Android MVP that survives view life-cycle, configuration & internet changes, part-1

MVP + Clean architecture + RxJava, a combination which has successfully proven the test of time and its here to stay for a while. If you are already using this approach or planning to adapt it soon, here is the question worth asking, How to design an MVP that,

I came across multiple ways to solve these issues. After some experiments and discussions, I finalised a combination of concepts which collectively solves these survival problems for my requirements. Here is the flow chart which explains the overall picture, which we will discuss in detail.

Life-cycle changes

In MVP, Presenter is directly dependent on the View’s life cycle and Presenter directly controls the life cycle of the Data source. This means that the Data source’s life cycle is also dependent on the View’s life cycle. Since, Data source handles heavy network calls and database operations, if we don’t handle this life cycle issue properly, a single change in View’s life cycle could end up in a heavy network call.

To solve this issue, one of the possible solution, is to create a two layer subscription system. Eugenio Marletti, thanks for the discussion.

View subscription, that is between View and Presenter
Data subscription, that is between Presenter and Data source

This two layer subscription system, makes sure that a life cycle change in the view, won’t trigger an unnecessary network/database call on the data source. Now that we have two separate subscriptions, we can independently subscribe or unsubscribe the subscriptions based on our requirements.

Question is: When should we subscribe & unsubscribe view subscription?
Solution 1: Subscribe on onResume() & unsubscribe on onPause()
Solution 2: Subscribe on onStart() & unsubscribe on onStop()
Problem: View reloads when it shouldn’t

onPause() gets called when activity/fragment is partially not visible to user, and onStop() gets called when the activity/fragment is fully not visible to user. Which makes them a perfect callback to unsubscribe view subscription, but the problem with onPause() and onStop() is that, it also gets called for the cases like, switch between applications, navigation to a different view, configuration changes, lock screen, popup messages etc.

Since, we have untangled the data subscription from the view subscription, we have already avoided making a fresh data call, but we still have to load the view with cached data, even though it might not be heavy processing, we can not ignore it. Also, not to forget the loading animation user might see for a short period of time, because we are loading the view every time.

Note: If you have to use any of the 2 solutions, because of the requirements, both the above listed issues can be handled using a few flags.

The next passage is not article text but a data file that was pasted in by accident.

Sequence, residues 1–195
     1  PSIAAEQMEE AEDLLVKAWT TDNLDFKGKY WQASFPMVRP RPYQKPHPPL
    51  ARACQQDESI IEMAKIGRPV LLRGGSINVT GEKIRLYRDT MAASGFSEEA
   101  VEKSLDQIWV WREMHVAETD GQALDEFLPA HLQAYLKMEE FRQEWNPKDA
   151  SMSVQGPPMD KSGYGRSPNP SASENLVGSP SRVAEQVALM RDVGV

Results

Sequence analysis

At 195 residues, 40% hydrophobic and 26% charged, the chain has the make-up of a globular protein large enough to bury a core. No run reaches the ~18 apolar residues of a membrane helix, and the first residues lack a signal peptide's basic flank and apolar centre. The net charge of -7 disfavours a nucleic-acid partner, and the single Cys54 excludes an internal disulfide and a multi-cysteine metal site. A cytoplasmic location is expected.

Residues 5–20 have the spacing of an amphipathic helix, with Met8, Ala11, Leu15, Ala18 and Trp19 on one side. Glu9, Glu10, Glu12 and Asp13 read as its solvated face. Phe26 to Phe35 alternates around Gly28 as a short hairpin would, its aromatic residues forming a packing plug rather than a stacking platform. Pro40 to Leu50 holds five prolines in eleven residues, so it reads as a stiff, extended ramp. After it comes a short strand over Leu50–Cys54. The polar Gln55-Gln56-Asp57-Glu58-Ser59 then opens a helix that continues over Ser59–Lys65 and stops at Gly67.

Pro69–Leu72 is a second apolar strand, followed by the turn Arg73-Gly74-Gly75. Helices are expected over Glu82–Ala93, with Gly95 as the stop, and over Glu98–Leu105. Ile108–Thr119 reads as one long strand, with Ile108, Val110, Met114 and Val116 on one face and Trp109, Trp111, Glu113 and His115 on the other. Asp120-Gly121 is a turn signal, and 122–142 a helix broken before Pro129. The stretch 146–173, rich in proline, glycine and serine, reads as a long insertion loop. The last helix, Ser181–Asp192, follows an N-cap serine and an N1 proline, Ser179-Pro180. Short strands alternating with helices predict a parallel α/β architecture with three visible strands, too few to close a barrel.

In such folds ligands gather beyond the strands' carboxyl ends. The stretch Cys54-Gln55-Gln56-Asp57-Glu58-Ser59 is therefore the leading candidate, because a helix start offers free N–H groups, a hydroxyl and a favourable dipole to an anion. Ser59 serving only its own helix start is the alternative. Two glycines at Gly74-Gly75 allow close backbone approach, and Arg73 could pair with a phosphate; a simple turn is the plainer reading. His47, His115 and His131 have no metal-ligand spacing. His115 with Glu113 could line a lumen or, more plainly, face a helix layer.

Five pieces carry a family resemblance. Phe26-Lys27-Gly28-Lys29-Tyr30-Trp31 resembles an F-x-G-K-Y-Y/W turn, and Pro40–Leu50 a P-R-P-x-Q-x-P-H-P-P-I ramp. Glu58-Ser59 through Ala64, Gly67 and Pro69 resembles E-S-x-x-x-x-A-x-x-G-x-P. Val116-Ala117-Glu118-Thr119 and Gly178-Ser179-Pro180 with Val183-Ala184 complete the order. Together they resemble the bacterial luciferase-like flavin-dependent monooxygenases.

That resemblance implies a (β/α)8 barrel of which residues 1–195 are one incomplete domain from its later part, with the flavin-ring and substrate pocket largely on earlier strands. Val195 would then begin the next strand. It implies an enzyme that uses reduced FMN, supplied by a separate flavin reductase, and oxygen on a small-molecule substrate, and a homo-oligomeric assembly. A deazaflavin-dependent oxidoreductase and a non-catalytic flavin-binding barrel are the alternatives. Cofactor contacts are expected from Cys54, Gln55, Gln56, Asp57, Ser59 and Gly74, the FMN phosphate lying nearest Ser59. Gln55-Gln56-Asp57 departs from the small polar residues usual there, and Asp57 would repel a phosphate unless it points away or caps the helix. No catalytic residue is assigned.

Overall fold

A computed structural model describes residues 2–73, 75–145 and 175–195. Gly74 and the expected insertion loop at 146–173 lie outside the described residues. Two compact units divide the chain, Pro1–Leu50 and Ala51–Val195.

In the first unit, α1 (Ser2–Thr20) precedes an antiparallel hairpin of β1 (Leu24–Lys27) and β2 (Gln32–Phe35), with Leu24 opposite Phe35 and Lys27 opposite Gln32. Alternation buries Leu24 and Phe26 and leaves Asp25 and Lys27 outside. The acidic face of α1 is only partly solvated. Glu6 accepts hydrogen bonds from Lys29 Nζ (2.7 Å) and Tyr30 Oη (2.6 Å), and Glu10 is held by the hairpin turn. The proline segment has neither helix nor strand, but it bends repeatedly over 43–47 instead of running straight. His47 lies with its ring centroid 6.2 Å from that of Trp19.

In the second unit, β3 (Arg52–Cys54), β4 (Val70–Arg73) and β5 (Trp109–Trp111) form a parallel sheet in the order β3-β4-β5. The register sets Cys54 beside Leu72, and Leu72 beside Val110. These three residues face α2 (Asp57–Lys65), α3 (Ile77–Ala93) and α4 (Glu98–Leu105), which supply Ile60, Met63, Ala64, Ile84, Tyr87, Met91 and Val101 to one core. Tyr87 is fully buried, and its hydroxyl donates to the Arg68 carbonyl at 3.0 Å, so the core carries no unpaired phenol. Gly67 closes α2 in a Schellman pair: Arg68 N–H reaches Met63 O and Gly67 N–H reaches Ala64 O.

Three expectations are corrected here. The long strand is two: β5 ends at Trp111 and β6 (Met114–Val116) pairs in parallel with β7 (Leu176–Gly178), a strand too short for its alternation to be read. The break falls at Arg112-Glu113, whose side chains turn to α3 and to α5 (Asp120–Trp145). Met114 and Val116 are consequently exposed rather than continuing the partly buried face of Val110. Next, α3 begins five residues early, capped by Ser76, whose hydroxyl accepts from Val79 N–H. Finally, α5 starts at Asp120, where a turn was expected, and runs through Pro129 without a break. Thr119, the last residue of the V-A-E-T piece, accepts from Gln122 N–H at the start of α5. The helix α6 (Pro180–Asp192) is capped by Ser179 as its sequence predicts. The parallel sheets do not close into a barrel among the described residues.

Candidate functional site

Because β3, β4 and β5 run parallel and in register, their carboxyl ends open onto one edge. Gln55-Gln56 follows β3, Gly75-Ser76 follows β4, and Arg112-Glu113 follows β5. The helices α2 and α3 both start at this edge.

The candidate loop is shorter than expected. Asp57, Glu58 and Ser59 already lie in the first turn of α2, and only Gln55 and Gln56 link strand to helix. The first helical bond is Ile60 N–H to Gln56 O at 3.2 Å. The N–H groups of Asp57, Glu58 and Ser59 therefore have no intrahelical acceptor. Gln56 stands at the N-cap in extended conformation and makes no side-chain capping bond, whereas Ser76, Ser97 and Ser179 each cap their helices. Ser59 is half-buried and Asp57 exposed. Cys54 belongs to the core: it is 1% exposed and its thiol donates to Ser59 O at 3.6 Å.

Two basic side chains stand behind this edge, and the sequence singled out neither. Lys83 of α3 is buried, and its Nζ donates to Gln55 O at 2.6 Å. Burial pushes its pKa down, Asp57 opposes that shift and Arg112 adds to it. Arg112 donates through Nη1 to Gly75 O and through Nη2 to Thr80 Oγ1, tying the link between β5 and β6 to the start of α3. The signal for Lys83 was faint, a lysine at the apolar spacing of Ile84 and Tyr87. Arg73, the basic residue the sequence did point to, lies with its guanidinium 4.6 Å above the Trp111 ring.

Solution 3: Subscribe on onCreate() & unsubscribe on onDestroy()

In the part-2 of this post we will discuss that we need to use Fragment + setRetainInstance(true) to handle configuration changes. First problem here is that by the time onCreate() gets called the view is not created, which will lead to a null pointer exception. Also, if we use setRetainInstance(true) on Fragment, onCreate() and onDestroy() will not get called, and thus we will not be able to update the view with updated configuration.

Note: If you decide to use a different approach for configuration changes, onCreate() and onDestroy() combination can also be used.

Solution: Subscribe on onViewCreated() & unsubscribe on onDestroyView()

For this solution, we need to use a Fragment for our view, which will also be useful when it comes to configuration change survival. Thanks Carmelo iriti.

The advantage with this approach is that we won’t have to reload the view or reestablish the view subscription as long as the view is alive, except for the configuration changes, but when it comes to configuration change, view reloading is expected by user and should not be a problem.

Note: This approach works only with Fragments.

Now that we have addressed the view subscription life cycle, lets focus on the data subscription life cycle.

When should we subscribe & unsubscribe data subscription?

Data subscription life cycle directly deals with the heavy calls and operations, which means that it should survive as long as it can, and that is why we should use the following solution,

Subscribe on onViewCreated() & unsubscribe on onDestroy()

With this approach, whenever we first create a view subscription, we also create a data subscription, and in-between even if the view subscription is unsubscribed because of configuration changes, data subscription will survive until the view is destroyed.

Lets see some code, here is how the Fragment as View looks like,

Here is how the Presenter looks like,

Here is how the Data source looks like,

For configuration and internet change go to part-2 of the post.

TL;DR

Use 2 separate subscriptions view and data subscription. subscribe for view and data subscription on onViewCreated(), unsubscribe view subscription on onDestroyView() and unsubscribe data subscription on onDestroy().

Complete Source Code

Complete source code is available on GitHub.

A set of use case specific code examples are available Here.